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The Bees

Every Step’s a Yes


Nov 29, 2011 Web Exclusive Bookmark and Share

The fourth album by Isle of Wight, U.K. natives The Bees (or A Band of Bees as they are known in the U.S.) is a far cry from the band’s last album, 2007’s Octopus. Gone are upbeat, funky jams such as the slide guitar-augmented “Who Cares What the Question Is?,” jazz-inflected fare such as “Left Foot Stepdown,” and jaunty numbers such as “Got To Let Go” and “End of the Street.” Instead, Every Step’s a Yes more closely reflects a couple of that album’s more subdued tracks, the smooth “(This Is For the) Better Days” and the lightly folky “The Ocularist.” Overall, Every Step’s a Yes, which was released in 2010 overseas and is just now getting a stateside release along with six bonus tracks, is mellow psych-folk that largely eschews the more bombastic and eclectic statements of the band’s past recordings.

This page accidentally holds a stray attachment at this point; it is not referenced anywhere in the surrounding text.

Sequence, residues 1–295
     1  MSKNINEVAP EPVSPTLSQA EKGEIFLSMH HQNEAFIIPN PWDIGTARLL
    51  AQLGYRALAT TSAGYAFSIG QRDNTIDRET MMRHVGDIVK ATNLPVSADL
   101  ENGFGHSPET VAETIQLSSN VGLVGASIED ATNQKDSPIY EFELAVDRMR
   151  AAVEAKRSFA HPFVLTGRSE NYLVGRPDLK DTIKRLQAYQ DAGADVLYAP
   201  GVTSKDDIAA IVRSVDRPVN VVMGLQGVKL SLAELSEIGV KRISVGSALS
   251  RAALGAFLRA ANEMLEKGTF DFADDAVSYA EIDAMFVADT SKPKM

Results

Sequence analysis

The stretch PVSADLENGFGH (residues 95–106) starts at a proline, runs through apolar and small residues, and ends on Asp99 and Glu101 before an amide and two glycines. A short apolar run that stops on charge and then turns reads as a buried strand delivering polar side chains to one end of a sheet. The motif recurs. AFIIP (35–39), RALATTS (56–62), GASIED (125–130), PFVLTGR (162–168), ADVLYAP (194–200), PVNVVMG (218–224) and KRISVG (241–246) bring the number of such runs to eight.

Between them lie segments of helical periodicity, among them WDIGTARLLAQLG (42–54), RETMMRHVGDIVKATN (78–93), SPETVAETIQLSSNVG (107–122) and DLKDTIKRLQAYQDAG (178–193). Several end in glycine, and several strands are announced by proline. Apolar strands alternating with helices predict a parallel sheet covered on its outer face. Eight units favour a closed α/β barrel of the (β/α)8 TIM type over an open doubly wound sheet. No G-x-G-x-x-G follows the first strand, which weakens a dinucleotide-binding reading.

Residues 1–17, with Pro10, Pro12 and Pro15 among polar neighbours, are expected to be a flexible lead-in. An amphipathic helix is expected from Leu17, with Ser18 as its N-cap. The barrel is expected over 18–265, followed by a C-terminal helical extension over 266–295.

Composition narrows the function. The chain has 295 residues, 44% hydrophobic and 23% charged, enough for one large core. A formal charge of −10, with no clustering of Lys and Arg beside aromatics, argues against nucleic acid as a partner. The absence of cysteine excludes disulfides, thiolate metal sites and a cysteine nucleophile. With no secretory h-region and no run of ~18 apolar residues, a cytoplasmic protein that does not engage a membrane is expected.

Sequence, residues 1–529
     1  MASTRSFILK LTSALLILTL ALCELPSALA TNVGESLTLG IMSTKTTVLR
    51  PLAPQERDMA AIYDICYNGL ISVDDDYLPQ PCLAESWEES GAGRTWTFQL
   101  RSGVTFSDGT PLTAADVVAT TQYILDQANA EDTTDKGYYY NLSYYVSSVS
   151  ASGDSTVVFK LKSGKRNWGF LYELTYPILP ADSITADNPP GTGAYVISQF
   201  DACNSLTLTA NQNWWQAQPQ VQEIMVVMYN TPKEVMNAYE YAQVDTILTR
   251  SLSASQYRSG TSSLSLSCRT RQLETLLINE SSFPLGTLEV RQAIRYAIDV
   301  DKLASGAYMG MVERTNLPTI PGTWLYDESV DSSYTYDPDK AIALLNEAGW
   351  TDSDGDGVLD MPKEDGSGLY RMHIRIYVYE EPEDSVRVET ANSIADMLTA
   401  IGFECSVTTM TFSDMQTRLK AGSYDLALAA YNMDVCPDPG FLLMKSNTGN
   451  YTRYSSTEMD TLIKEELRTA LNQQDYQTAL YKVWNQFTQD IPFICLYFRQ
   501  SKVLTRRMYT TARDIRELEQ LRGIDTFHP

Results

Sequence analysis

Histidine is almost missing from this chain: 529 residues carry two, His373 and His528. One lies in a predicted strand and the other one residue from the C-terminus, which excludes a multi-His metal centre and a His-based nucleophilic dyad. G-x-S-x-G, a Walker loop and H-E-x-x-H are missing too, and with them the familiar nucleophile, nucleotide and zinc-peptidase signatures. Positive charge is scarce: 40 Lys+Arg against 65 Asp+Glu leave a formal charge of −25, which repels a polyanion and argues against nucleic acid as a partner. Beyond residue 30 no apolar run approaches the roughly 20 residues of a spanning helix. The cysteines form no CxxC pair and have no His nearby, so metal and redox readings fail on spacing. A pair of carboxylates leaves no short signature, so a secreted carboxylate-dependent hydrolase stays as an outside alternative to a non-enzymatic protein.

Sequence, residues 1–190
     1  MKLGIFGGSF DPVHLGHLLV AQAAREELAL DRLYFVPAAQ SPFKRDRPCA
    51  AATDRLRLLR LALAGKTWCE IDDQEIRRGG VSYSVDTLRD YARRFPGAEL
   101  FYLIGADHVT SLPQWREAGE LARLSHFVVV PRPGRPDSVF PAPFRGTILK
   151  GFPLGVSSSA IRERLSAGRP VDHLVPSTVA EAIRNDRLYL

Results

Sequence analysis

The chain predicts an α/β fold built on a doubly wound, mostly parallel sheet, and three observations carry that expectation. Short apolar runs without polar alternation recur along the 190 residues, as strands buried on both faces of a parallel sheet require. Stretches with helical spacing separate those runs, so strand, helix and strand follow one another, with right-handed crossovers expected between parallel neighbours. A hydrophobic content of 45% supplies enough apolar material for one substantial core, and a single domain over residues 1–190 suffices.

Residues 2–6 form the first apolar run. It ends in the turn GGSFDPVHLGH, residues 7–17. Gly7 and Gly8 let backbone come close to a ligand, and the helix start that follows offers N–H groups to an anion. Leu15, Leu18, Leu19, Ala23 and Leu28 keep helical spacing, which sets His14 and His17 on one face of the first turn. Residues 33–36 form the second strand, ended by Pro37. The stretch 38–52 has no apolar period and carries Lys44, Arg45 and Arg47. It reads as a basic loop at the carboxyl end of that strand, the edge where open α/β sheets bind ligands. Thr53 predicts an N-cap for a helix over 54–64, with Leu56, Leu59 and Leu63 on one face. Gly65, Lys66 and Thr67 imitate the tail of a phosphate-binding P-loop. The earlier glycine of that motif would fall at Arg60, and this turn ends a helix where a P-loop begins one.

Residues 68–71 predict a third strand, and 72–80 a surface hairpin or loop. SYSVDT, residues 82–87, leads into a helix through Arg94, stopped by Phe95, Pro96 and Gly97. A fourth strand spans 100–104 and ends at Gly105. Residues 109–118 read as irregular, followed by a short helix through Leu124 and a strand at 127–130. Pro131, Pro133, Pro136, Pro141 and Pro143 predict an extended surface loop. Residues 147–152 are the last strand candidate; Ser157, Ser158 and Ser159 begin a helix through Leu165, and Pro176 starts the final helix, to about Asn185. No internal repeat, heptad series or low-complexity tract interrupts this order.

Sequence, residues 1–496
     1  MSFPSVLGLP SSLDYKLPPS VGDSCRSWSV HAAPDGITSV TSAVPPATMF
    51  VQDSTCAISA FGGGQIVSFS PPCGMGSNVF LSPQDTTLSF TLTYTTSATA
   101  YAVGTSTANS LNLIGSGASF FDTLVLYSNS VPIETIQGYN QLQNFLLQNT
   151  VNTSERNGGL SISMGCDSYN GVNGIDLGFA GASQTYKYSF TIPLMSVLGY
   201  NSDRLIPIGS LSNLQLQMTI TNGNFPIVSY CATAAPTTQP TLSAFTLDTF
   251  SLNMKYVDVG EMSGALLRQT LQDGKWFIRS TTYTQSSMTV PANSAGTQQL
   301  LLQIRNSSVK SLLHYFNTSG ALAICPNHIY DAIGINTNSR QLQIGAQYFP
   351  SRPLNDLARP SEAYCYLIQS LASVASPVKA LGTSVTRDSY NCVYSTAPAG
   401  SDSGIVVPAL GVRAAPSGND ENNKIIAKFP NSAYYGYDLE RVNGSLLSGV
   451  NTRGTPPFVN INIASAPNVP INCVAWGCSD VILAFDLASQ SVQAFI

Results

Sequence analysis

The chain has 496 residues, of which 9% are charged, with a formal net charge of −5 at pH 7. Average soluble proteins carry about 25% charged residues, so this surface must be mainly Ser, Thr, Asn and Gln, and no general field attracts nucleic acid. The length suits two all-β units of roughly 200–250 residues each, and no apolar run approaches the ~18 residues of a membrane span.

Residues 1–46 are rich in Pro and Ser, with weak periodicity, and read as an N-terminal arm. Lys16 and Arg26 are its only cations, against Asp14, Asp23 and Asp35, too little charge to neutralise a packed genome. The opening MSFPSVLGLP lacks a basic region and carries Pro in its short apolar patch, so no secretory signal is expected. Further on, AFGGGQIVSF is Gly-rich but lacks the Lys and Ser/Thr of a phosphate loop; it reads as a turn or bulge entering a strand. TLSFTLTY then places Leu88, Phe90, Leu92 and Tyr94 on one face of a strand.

The album’s first three tracks set the tone perfectly. The opening cut, “I Really Need Love,” rides high on a ‘60s hippy vibe. “Winter Rose” is a hazy, slow patchouli-burn, a smooth, lightly horn-inflected number with a slight instrumental sparkle, and “Silver Line” relies on airy harmonies, sounding not unlike past tour-mates Fleet Foxes. Elsewhere, “Change Can Happen” is lushly orchestrated and features the most prominent flute this side of Jethro Tull, and “Pressure Makes Me Lazy” is all rain-stick sounding aural haze and laidback trippy ambience. By the time the band chimes in with its faithful Mamas and Papas cover (and one of the album’s bonus tracks) “Go Where You Wanna Go,” its modus operandi has become clear. (

Author rating: 5/10

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November 29th 2011

Pretty much my thoughts as well. The first few tracks are alright, but by the time the end rolls around, I’m left wishing there was something that reached the highs found on “Free The Bees”. Bummer.